Teo, Allan & Y. C. Wee, 2009. Observations at a nest of Malayan Whistling Thrush Myophonus robinsoni in the Cameron Highlands, Malaysa. BirdingASIA 11: 95-97.
The above publication, just off the press, has attracted the attention of David Bakewell, Lim Kim Chye and Dr Anuar Shahrul. These three researchers are currently conducting a year-long study to clarify identification criteria and status of the Blue and Malaysian Whistling Thrush in Peninsular Malaysia. Their study involves capturing, photographing, measuring and subsequent release of whistling thrushes at various locations. These three researchers are of the opinion, based on photographs published with the above paper, that the bird is a Blue Whistling Thrush of the race dicrorhynchus. In their view, “this dull race of Blue Whistling Thrush is rather commonly misidentified as Malayan…”
The authors welcome their comment and look forward to the eventual publication of their findings and conclusions. It is through scientific interaction like this that we build on our knowledge and in the process learn from one another. After all, this is what science is all about.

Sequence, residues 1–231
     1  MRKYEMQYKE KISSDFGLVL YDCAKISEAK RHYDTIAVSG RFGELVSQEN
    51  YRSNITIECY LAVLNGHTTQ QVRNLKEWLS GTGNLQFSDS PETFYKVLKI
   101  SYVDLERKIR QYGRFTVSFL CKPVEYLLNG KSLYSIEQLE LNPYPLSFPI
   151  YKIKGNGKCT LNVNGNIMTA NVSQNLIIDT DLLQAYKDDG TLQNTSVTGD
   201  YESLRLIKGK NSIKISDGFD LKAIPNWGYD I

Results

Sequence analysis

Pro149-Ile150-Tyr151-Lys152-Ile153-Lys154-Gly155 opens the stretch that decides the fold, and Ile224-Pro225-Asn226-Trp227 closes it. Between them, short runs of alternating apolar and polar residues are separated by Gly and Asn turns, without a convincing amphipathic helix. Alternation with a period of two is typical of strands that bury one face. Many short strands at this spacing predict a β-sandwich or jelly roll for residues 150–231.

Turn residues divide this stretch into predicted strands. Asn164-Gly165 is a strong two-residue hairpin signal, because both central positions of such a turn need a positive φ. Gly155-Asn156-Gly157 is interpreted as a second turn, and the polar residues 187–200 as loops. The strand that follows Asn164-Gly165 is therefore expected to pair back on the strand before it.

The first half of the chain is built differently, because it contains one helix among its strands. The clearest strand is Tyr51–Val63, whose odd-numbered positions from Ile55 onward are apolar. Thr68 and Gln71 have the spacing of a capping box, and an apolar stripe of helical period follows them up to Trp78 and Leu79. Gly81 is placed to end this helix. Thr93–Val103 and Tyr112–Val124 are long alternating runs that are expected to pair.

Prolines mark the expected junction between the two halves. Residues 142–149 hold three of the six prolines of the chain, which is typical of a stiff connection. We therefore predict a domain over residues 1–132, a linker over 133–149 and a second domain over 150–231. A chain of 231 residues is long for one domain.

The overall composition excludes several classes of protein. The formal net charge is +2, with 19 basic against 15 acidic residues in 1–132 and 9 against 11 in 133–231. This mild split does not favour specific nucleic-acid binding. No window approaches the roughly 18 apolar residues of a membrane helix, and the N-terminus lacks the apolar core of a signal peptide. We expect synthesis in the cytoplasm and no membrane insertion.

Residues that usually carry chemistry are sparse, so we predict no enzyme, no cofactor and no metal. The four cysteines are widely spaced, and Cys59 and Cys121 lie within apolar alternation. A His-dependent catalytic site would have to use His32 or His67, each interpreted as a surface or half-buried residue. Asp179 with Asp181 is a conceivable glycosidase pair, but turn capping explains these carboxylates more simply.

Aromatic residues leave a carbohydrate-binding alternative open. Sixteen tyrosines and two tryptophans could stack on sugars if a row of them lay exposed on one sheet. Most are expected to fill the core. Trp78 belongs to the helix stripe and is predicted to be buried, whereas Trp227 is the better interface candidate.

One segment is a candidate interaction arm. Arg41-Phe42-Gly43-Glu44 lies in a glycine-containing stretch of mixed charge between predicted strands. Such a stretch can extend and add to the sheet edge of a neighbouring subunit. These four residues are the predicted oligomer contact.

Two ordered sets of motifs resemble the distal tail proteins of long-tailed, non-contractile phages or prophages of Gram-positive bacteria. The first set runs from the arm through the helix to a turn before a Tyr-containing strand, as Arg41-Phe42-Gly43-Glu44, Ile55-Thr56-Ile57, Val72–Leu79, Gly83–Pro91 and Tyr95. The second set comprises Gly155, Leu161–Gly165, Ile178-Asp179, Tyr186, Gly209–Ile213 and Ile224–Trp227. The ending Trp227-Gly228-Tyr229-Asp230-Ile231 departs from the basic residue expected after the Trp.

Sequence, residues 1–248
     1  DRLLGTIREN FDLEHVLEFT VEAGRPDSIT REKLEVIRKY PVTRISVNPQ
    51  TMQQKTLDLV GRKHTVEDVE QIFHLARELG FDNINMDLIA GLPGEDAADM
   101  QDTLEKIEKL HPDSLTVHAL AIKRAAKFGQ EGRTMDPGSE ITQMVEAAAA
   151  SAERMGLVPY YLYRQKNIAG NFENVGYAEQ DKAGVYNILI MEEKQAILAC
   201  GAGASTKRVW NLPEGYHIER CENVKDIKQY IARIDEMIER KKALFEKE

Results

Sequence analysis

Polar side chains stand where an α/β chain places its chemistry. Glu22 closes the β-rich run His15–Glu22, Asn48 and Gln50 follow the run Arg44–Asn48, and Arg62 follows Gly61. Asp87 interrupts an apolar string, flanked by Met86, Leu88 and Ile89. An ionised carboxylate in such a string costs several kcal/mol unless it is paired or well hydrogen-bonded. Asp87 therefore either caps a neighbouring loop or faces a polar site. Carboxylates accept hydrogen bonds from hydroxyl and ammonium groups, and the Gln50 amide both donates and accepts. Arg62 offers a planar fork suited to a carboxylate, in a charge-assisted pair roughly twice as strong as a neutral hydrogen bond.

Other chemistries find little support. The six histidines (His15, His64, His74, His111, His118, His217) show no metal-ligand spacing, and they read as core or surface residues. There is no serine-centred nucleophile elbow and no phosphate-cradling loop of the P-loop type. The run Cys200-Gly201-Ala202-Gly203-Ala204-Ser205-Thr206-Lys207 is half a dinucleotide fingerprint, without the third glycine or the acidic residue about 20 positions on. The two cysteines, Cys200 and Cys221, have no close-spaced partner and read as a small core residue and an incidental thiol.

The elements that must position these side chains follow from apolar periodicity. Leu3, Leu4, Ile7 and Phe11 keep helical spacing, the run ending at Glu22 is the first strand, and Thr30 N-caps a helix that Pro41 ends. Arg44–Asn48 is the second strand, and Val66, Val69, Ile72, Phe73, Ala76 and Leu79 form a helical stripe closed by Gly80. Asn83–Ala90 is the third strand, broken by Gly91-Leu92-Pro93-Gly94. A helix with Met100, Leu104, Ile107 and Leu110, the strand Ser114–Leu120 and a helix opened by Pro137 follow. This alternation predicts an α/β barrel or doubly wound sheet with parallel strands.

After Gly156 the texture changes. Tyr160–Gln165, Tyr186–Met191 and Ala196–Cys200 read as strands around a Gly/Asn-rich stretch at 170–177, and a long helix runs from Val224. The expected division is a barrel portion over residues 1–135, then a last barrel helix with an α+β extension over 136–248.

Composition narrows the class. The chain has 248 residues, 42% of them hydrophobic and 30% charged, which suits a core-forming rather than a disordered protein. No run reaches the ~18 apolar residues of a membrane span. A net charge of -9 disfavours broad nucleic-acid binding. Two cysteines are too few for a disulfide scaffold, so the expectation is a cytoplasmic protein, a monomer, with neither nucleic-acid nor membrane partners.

The above comment, coming weeks after the above paper was published, brings to mind two very important points.
1. The camera is fast becoming an indispensible tool in modern-day birding – for serious birders, not necessarily for recreational birdwatchers. A clear, crisp image of a bird that is published in a scientific journal will allow specialists researchers to correct a misidentification if there is one. In the absence of photographic evidence, a misidentification can never be corrected and the mistake will be buried forever.
2. The importance of publishing findings and observations in scientific journals can never be over-stressed. Privately circulated newsletters and web-publications have their use. They are useful mainly to citizen scientists and maybe a few professional scientists. But these informal publications do not always reach those who matter – researchers and scientists who are specialists in their own fields.
The above publication on the Malaysian Whistling Thrush has been web-published as far back as March 2008 in five parts: 1, 2, 3, 4 and 5, with images attached. There is also a post on whistling-thrushes in Malaysia.
However, these did not attract the attention of serious researchers. And if they did, maybe these informal publications were not taken seriously. Only when the consolidated observations were formally published in a scientific journal, in this case BirdingASIA, were the contents taken seriously.